Thousands of years ago, our ancestors gave up foraging for food and took up farming, one of the most important and debated decisions in history.
Was farming more efficient than foraging? Did the easily hunted animals die out? Did the environment change?
A new study by Samuel Bowles of the Santa Fe Institute in New Mexico argues that early farming was not more productive than foraging, but people took it up for social and demographic reasons.
In Monday's edition of Proceedings of the National Academy of Sciences, Bowles analyzed what it would take to farm under primitive conditions. He concluded farming produced only about three-fifths of the food gained from foraging.
But, Bowles notes, farming became the most common way of living between 10,000 and 5,000 years ago because of its contribution to population growth and military power.
Without the need for constant movement, child-rearing would have been easier and safer, leading to a population increase, Bowles said. And since stored grain might be looted, farmer communities could have banded together for defense and would have eventually pushed out neighboring foragers, he suggests.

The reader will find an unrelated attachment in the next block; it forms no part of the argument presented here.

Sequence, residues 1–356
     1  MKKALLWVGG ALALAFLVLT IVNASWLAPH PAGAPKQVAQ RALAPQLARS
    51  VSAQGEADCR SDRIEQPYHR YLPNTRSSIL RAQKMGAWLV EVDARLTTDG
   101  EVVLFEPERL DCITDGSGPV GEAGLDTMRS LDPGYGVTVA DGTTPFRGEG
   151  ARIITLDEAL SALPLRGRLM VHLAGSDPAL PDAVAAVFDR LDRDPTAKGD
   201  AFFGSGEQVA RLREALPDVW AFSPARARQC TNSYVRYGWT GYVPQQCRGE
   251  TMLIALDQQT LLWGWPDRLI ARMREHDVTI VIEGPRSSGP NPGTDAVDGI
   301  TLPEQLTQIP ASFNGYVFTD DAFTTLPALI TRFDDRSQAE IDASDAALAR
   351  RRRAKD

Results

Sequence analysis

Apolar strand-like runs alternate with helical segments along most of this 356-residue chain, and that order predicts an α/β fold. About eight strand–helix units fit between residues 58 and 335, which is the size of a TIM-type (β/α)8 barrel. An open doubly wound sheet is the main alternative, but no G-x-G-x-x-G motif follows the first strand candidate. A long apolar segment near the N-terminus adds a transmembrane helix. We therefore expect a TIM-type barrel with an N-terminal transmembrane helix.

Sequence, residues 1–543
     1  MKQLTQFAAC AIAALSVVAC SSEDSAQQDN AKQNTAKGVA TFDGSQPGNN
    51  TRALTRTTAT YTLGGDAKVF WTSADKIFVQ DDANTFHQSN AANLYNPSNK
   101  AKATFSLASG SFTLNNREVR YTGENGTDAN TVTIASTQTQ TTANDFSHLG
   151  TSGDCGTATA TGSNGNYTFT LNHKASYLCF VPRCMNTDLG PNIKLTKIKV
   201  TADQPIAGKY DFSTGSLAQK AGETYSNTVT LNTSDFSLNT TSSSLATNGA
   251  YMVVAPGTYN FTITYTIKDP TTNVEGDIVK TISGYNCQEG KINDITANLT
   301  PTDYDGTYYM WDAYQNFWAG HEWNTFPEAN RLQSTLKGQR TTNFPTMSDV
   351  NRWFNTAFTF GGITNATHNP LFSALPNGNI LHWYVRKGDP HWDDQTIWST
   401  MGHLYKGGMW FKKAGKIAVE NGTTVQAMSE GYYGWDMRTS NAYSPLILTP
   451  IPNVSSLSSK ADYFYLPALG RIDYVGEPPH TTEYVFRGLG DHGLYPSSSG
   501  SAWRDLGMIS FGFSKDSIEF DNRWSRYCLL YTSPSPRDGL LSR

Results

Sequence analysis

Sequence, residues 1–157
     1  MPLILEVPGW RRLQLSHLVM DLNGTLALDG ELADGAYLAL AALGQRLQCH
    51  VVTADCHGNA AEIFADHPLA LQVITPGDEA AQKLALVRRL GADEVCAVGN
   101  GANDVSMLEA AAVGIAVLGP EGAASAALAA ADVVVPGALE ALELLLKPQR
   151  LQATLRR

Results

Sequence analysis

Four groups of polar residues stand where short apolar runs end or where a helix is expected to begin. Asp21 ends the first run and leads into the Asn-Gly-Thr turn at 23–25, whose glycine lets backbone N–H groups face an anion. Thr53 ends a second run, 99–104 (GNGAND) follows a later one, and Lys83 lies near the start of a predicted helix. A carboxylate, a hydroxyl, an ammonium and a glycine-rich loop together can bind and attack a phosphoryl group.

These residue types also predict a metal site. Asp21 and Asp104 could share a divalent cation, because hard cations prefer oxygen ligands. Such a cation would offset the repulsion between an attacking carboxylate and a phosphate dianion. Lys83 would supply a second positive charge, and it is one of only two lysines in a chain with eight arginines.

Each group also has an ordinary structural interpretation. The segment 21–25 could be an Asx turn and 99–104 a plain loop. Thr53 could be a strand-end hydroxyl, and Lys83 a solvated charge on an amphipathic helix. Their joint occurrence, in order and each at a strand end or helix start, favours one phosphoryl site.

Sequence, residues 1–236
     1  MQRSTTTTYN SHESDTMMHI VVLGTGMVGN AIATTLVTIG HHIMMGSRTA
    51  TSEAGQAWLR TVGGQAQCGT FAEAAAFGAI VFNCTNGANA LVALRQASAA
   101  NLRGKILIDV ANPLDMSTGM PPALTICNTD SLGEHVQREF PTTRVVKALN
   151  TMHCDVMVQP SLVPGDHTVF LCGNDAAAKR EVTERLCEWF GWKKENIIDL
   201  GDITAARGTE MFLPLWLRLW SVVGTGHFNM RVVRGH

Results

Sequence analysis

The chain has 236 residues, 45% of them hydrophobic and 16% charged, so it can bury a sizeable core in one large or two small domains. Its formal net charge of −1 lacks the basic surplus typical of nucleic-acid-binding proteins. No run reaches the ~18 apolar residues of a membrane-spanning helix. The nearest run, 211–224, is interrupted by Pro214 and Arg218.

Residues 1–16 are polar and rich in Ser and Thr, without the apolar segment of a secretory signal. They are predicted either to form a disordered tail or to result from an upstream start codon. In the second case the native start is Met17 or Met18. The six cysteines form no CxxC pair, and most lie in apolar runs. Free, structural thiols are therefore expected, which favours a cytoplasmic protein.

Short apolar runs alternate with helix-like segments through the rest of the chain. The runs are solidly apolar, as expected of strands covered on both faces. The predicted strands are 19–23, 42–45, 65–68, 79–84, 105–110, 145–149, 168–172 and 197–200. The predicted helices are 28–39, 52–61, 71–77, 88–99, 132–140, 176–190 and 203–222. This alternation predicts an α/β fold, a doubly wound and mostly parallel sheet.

Brian Fagan, a professor emeritus of archaeology at the University of California, Santa Barbara, called Bowles' ideas "provocative and fascinating."
It had been suspected that the earliest farming was not necessarily more productive, said Fagan, who was not part of the research.
"What he does is to draw attention to the social and demographic factors that contributed so importantly to the spread of farming," Fagan said. "This is a useful contribution to a debate about agricultural origins that has been under way for generations."
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